But we are not finished with this section and the myriad of case law this section has garnered. Recently, on April 3, 2014, the Supreme Court of Canada dismissed the leave application in the Huard case, which raised the constitutionality of the well-established principle, as really encapsulated by s. 23.1, that a party may be convicted of a more serious offence than that of the main offender. In that case, Mr. Huard was convicted as a party to a first-degree murder even though the principal offender was only convicted of second-degree murder. Counsel argued that the principles of fundamental justice, as guaranteed under s. 7 of the Charter, requires that those less morally culpable should not be punished more severely than those more morally culpable. Mr. Justice Watt, on behalf of the Ontario Court of Appeal, dismissed the argument as he found the “mere common law rule” relied upon was not a principle of fundamental justice and s. 23.1 “makes it clear” that a party can be convicted even if the main offender is acquitted or not even tried. As an aside, the Appellant in the Camponi case relied upon an article written by Justice Watt, which he wrote prior to his appointment to the Bench, on accessory after the fact and the ambiguities found in s. 592. This shows that the connections in the Canadian criminal law are indeed endless and it appears that they may be unlimited too!

 

 

Episode 28 of the Ideablawg Podcasts on the Criminal Code - Section 23.1

Section 23 – Accessory As A Mode of Participation: Episode 27 of the Ideablawg Podcasts on the Criminal Code of Canada

In previous episodes we discussed the party sections of the Criminal Code, a mode of participating in a crime as a participant who is not the main offender but assists the main offender in the commission of a crime. An accused can also participate in a crime as an accessory after the fact under section 23 of the Code. This is not a party section as the accused is not participating in the commission of the actual offence but is assisting an offender after the offence has been committed. This assistance, however, takes on a very specific form. Additionally, it should be noted that as the accused under this section is not participating in the main offence, the punishment for being found an accessory after the fact is less than the punishment of participating in the actual offence pursuant to s. 463 of the Code.

Section 23 reads as follows:

23. (1) An accessory after the fact to an offence is one who, knowing that a person has been a party to the offence, receives, comforts or assists that person for the purpose of enabling that person to escape.

It should first be noted that in the present section is a reference to subsection 2, which was repealed in 2000. The section also initially contained a further subsection, which was also repealed at an earlier time. Both of these original subsections provided exemptions to the section as a result of marriage. You may recall an earlier podcast wherein we discussed section 18, which also originally contained similar exemptions. In that podcast, I refer to s. 18 as an addendum to the s. 17 compulsion by threats or duress section. Presently, s. 18 clarifies that duress cannot be presumed merely on the basis that the offence was committed in the presence of a spouse. Turning to the original iteration of section 23, what was in the original 1892 Code as section 63, is very similar in essentials to section 23(1) but the additional subsections exempted a married couple from the effects of the section. Thus, under subsection 2 a spouse could not be charged as an accessory after the fact by assisting the other spouse. Further, under subsection 3, no “married woman” could be charged with being an accessory by assisting, on the direction and authority of her husband, another offender or her husband. It was only in the mid-1970s that the Statute Law (Status of Women) Amendment Act removed this subsection 3, which was clearly based on stereotypical presumptions that a husband has certain authoritative “rights” over his wife. At the time, this amending legislation was hailed as a huge step toward gender equality as it was created in response to the recommendations from the 1970 Royal Commission on the Status of Women. Subsection 2, however, which may be viewed as a more gender-neutral exemption, stayed in the Code until 2000 when the amendments found in the Modernization of Benefits and Obligations Act removed the subsection exemption.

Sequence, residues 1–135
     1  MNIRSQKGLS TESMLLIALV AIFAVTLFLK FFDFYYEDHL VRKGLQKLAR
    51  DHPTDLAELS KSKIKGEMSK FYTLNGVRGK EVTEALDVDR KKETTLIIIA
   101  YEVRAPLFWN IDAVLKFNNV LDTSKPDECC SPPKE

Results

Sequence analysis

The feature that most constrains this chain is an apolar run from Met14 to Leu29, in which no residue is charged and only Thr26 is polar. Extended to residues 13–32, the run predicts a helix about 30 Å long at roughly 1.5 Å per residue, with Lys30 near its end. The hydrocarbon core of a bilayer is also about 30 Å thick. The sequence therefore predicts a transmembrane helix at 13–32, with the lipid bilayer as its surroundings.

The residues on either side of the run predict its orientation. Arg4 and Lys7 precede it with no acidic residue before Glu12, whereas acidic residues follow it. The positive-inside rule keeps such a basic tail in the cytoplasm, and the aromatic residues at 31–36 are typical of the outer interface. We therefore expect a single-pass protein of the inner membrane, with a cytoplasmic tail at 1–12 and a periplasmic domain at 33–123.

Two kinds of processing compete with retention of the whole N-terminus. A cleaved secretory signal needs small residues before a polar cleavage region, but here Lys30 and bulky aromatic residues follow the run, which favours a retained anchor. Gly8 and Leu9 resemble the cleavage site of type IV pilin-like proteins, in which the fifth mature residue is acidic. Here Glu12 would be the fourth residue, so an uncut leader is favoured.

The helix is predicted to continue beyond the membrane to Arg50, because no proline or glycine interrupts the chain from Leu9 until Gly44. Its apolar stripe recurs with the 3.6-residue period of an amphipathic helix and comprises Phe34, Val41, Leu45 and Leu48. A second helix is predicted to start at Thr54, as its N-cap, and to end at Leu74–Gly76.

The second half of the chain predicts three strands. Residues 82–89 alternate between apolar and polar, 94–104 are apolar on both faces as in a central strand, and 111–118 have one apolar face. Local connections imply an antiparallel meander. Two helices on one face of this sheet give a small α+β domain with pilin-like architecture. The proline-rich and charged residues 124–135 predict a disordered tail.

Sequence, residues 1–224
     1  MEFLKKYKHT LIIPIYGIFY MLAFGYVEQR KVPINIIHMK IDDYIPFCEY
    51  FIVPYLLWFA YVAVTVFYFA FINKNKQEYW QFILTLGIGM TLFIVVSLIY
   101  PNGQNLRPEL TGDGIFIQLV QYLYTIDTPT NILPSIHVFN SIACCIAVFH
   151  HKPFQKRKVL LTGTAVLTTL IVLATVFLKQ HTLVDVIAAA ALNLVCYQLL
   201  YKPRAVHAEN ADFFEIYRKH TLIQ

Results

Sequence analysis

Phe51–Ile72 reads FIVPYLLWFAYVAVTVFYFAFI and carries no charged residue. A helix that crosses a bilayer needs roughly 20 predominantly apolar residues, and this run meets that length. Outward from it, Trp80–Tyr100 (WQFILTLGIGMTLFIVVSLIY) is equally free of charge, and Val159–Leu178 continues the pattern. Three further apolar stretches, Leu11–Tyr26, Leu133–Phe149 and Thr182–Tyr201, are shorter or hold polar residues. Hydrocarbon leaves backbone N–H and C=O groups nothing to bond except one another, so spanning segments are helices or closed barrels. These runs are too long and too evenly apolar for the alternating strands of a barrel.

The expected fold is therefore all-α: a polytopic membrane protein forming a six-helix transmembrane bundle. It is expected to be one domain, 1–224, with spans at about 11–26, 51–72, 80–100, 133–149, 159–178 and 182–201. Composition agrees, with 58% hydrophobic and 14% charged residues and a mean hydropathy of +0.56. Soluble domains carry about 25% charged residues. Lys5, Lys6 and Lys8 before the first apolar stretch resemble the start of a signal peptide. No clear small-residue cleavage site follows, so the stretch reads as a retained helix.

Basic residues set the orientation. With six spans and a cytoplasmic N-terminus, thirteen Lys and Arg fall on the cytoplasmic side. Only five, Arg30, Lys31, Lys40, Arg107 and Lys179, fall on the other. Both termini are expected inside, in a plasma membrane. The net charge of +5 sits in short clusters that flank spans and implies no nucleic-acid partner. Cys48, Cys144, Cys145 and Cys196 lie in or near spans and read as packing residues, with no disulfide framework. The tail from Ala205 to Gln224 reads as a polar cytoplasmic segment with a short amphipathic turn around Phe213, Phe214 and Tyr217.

What is left of the section is, as already mentioned, quite specific. The actus reus requires the accused to “receive, comfort, or assist” a person who has committed a crime. Although “assist” and “comfort” have specific meanings, the addition of the word “receive,” which is quite broad in aspect, captures a wide range of activity. However, the accused must “receive” for a specified purpose as part of the mens rea of the section. Returning to the actus reus, the Supreme Court of Canada in the Morris case has found that the section requires more than a mere failure to advise the authorities of an offender’s whereabouts. This position is consistent with the traditional common law reluctance to punish omissions and failures. However, advising an offender that the police have the offender’s name and licence plate number may be enough to fulfill the prohibited act requirements. Furthermore, an accused can be convicted of being an accessory even if the offender assisted is not convicted of offence from which he or she was fleeing. Also, due to the amendments repealing subsection 2 and 3, an accused can be an accessory even if they helped a spouse or his or her child.

The mens rea requirements require a high level of subjective mens rea. The accused must have subjective knowledge that the person being assisted has been a party to or has committed an offence. Also, the assistance, comforting or receiving of the fugitive must be for the specific purpose of assisting the fugitive’s escape from the authorities. As a result, proof that the accused was reckless is not enough. The Crown must prove subjective knowledge or deemed knowledge through the doctrine of willful blindness. Therefore, it is not enough for a finding of accessory that the acts of assistance have the effect of helping a person escape the law. Nor is it enough that the acts were undertaken for the purpose of not being suspected of the crime itself. It is therefore difficult to prove an accused participated as an accessory after the fact. As a result, the police tend to charge an offender with other more easily proven offences such as obstruct justice under s.139 or harbouring a suspected terrorist under s. 83.23

Episode 27 of the Ideablawg Podcasts on the Criminal Code of Canada; Section 23 - Accessory After the Fact